A Bais Medrash Elyon student had set up a demanding personal regimen which did not conform to the yeshivah schedule. When Reb Reuvain took him to task, the young man offered what he thought was an effective defense. Reb Reuvain replied, "You must understand: There are two types of yeshivos - those run by the administration and those not (hanhalah und nit-hanhalah). In this yeshivah it is expected that you conform to the directions of the hanhalah. Secondly, everyone needs a rebbe for guidance, and I am fulfilling this function for you, in advising you to adhere to the yeshivah schedule. Do you realize that my sainted father-in-law - long after he was established as a Rosh Yeshivah - continued to consult with both the Chofetz Chaim and Reb Chaim Brisker? And after Reb Chaim's passing, he consulted with his son, Reb Velvel, even though he was my father-in-law's junior in years. Third, even if the yeshivah tells you to do something that is not in your better interest, once the yeshivah has taken a stand, your action involves defiance of yeshivah policy, which can only be harmful to you. It now is to your benefit that you listen."
The mashgiach of Bais Medrash Elyon, Rabbi Yisrael Chaim Kaplan, once asked Reb Reuvain to assume his duties for a short period of time when he would be away. Reb Reuvain accepted the assignment, pursuing it in keeping with his conception of the position. Checking the dormitory, he found one room particularly disorderly. He expressed his disapproval to the occupant - a usually meticulous fellow. The fellow offered an explanation, to which Reb Reuvain replied, "I have a tradition from Reb Chaim Brisker: When faced with a kushya (question), don't seek an answer. Try to do away with the kushya."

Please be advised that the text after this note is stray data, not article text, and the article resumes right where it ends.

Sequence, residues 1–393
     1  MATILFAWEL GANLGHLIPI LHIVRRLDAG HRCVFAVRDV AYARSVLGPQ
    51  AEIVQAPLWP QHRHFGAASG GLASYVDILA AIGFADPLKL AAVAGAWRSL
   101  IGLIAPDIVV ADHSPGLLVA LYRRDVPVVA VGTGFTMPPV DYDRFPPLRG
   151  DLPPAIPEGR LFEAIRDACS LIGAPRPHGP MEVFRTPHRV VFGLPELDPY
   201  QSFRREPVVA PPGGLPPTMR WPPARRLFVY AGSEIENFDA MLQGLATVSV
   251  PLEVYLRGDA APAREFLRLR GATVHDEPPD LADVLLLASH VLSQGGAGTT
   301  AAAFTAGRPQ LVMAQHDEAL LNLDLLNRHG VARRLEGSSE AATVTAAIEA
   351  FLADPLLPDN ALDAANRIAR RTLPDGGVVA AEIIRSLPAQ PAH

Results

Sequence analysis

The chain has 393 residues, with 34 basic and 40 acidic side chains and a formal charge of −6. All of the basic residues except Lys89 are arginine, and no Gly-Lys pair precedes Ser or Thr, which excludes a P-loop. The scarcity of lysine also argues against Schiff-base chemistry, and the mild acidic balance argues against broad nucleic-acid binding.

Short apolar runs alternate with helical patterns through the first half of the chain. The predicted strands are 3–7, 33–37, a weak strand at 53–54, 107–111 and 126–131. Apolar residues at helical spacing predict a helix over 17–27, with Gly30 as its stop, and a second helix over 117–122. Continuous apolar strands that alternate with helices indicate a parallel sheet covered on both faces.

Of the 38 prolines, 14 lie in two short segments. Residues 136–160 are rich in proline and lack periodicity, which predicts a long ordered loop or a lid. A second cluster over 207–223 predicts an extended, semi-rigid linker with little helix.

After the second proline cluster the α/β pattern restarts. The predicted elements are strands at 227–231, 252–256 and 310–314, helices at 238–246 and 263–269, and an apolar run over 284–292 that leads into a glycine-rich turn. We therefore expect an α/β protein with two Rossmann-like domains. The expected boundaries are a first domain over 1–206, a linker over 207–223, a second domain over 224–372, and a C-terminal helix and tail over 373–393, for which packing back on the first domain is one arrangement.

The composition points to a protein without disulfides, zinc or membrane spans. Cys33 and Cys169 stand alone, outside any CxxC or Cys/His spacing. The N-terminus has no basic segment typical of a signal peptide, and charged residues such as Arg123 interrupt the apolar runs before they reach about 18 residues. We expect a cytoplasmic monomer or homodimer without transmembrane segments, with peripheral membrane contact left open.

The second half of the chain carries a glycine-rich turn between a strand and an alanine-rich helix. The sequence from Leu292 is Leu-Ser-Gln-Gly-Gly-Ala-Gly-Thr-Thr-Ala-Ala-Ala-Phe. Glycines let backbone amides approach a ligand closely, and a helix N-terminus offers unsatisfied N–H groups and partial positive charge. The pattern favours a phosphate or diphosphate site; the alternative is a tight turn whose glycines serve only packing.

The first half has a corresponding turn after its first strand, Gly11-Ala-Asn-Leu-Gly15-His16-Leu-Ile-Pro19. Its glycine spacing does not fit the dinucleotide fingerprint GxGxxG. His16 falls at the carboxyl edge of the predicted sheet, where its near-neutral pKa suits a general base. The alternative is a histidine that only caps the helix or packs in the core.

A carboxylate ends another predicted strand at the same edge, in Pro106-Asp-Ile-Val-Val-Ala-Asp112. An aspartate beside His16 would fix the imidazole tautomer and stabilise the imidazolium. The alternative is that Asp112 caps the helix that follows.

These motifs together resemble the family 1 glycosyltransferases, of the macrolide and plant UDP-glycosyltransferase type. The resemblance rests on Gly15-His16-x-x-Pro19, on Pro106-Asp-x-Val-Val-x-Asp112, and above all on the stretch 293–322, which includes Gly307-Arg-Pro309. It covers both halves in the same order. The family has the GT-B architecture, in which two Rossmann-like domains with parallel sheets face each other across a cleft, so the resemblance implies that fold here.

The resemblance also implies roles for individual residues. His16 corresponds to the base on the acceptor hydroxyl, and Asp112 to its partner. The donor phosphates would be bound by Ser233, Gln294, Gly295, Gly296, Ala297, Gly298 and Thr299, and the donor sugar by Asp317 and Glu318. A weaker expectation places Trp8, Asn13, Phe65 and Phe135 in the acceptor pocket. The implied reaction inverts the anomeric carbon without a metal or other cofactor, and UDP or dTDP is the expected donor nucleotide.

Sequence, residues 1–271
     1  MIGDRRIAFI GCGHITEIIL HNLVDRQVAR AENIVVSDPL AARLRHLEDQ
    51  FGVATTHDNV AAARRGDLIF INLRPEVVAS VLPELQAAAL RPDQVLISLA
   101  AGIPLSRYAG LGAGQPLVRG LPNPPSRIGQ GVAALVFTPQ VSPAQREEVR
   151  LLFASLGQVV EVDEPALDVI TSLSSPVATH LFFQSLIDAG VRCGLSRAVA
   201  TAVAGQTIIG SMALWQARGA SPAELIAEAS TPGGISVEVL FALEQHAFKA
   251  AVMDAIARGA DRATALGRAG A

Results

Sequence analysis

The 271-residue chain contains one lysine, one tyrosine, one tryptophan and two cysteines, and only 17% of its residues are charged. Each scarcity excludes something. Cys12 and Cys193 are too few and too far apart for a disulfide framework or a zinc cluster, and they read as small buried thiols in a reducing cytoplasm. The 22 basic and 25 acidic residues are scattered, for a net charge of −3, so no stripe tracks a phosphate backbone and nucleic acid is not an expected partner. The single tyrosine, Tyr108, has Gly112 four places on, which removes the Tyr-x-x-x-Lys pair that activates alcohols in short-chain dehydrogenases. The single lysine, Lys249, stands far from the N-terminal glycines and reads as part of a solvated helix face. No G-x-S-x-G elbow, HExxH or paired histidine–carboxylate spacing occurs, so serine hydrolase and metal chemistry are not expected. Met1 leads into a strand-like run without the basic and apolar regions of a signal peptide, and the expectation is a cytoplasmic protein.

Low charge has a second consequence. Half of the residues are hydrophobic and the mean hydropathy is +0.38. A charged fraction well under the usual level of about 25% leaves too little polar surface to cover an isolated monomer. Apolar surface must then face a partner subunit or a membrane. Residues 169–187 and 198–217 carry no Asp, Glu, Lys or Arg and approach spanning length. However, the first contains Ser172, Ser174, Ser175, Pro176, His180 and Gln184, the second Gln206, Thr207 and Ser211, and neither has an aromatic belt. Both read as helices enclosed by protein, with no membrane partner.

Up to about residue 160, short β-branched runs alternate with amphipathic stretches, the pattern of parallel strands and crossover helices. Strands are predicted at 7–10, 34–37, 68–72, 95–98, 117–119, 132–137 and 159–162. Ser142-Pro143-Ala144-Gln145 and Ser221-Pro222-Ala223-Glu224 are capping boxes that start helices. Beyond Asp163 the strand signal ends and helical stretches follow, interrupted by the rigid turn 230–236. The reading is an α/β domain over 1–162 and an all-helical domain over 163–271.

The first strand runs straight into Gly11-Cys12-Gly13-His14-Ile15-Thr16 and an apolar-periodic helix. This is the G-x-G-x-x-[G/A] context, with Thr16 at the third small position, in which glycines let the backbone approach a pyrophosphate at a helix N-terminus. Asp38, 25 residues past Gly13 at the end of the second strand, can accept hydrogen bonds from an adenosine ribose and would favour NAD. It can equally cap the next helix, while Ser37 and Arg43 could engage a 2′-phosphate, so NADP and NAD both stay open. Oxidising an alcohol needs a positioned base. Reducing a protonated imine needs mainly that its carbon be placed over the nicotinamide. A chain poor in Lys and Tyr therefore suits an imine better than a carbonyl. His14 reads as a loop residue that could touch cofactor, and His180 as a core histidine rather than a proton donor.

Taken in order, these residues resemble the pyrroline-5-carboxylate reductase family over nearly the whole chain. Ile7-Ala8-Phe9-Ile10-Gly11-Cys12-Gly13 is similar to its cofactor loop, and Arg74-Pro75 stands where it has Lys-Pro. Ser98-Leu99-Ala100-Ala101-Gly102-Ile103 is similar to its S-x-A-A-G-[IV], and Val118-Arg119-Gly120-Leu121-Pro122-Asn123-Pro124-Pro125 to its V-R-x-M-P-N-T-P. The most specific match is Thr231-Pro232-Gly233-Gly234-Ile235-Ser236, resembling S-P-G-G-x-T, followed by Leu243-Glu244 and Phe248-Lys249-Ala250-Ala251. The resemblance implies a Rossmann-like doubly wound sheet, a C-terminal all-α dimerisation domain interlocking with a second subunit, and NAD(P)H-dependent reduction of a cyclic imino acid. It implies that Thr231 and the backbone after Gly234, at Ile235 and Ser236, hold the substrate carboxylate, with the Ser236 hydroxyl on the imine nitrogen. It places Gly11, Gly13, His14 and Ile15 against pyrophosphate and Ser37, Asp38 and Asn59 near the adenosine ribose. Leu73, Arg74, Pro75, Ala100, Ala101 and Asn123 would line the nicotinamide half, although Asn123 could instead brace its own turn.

In the Service of Klal Yisrael
Reb Reuvain maintained a keen sensitivity to the needs of Klal throughout his life. He was always a man of strength in every sense of the word, never afraid of a fight. When he merely "smelled" that someone planned to open a Tarbus (lit. secular culture) School in Kamenitz, he organized a town meeting, to be addressed by Reb Baruch Ber. The townspeople, in awe before the elder Rosh Yeshivah, crowded the hall to hear him denounce the plans to bring "treife culture" to Kamenitz. "We had a choice of building the yeshivah in Kosove, Bereza, or Kamenitz. The Chofetz Chaim advised us: 'Kamenitz has a chazakah (solid record) of Torah and Yiras Shomayim.' When we rode into town, you unharnessed the horses and pulled our wagon yourselves. I could not bear it, but Reuvain told me it's all for k'vod haTorah. Well, one must suffer for k'vod haTorah. And now you are considering to permit a school in town that will teach hatred of Torah, G-d forbid!"